Last week, the CMA released a report on the status of open banking after 2 years in place in the UK. This blog will reflect and challenge the comments from the blog “Open Banking year two: Insights from the CMA9” and what the various banks perceive as progress.
To set the tone, none of us who were part of the original team under the first trustee and the first director, had any idea that this movement would become as relevant as it is today, but even then, it was NOT considered to be simply a regulatory requirement
and check box. We knew even back then that open banking was much more than that. To state the obvious, open banking is by far the biggest impact to the financial sector, period. Why? Because open banking has opened the door to open finance and eventually to
open data that will see cross sector integration and an impact to true social and financial inclusion to not only the banked but more importantly to the unbanked.
But this opportunity of social and financial inclusion can only happen through
culture changes to traditional banking, true collaboration and allowing innovators to innovate
providing consumers with true “open” products and services that allow them to take control and make sound decisions using their own data. Yes, consumers owning and making decisions on their own data by deciding how and when their data is to be used.
In reading the comments of the banks in the article mentioned above, you have to seriously question what some of those banks deem as success through the offering of aggregation services. Now, most of these banks have incubators where so many fintech firms
participate and fight for the spotlight of their solutions and with London declaring itself the fintech hub of the world, it is very difficult to understand why all that we can show after 2 years are aggregation API’s(?). We can and should do better than that!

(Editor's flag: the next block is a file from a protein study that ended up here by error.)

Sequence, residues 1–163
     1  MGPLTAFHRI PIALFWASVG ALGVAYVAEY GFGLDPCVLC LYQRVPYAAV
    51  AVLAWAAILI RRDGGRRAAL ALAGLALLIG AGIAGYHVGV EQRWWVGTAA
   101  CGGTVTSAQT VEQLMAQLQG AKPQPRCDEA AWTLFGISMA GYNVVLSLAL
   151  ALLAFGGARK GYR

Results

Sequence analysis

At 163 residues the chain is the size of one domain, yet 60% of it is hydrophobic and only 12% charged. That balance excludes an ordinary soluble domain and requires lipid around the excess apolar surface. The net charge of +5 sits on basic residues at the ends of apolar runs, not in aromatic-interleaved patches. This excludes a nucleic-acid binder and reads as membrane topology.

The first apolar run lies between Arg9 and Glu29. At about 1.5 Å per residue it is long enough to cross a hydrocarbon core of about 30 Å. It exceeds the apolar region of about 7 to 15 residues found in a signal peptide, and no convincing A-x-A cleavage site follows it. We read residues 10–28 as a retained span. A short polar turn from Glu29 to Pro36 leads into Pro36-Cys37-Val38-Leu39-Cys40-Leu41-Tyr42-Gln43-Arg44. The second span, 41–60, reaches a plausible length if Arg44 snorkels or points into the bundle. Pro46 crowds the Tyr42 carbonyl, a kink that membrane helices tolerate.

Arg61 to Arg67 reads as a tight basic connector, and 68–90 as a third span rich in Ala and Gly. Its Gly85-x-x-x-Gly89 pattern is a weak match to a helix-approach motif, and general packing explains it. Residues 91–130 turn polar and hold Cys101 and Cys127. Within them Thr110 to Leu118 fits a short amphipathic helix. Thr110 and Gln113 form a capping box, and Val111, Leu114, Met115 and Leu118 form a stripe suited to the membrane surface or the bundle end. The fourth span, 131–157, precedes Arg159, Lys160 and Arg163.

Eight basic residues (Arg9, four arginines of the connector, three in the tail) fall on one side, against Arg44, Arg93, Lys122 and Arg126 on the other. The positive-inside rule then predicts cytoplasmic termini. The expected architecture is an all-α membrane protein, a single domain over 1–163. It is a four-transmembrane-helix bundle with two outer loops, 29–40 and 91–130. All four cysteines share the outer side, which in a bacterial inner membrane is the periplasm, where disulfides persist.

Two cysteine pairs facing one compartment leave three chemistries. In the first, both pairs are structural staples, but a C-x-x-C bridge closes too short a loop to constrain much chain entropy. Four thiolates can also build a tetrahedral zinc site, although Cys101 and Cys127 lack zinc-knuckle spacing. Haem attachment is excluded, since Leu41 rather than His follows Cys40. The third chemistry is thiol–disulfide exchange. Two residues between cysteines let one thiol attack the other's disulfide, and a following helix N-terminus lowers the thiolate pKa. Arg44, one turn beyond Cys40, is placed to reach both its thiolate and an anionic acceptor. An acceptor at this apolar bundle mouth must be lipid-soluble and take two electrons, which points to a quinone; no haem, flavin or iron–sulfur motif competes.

Supporting what the article states, banks in the UK continued to miss deadlines and failed to truly bring forward relevant solutions even though the OBIE presented a set of guidelines to further support the banks. To further highlight where banks stand,
they have held consumer data for as long as they have existed so to say that, in the case of one of the banks, that they “have entered open banking in a position of strength” by aggregating credit card and savings accounts is very much missing the mark of
the potential this movement has.
Not surprisingly, one of the Nordic banks did present a slightly more innovative approach but this comes from a region that has been innovative in the banking sector for many years. Another UK bank states how they have focused all this time on complying
with PSD2 and open banking requirements which again shows that they are only seeing this as a regulatory checkbox.
Culture changes in traditional banking, true collaboration and allowing innovators to innovate
So why are we not advancing in the UK?
- Because banks in the UK have maintained a strong traditional view and are reluctant to change the culture needed from top to bottom to truly embrace “open”.
- Because banks are not allowing innovators to innovate. Most banks have incubators and innovation departments full of extremely talented people but are not allowing them to unleash what they are developing. Why? Because it goes back to the first bullet point.
A lack of willingness to change.
- Because banks continue to have unreasonable procurement processes that are not in line with today’s need to quickly on board a new fintech. A 9-month procurement process is no longer valid in today’s fast changing world.
The result of the above will be once again that banks may become a background process ruled by the products and services that the big fintech’s will bring forward. Maybe that is what the banks actually want, to take a step back and not be innovative and
instead just be a processor.
It is not news that Generation X will most likely never step foot in a bank but what may be news is that banks will disappear as we know them if this way of thinking continues.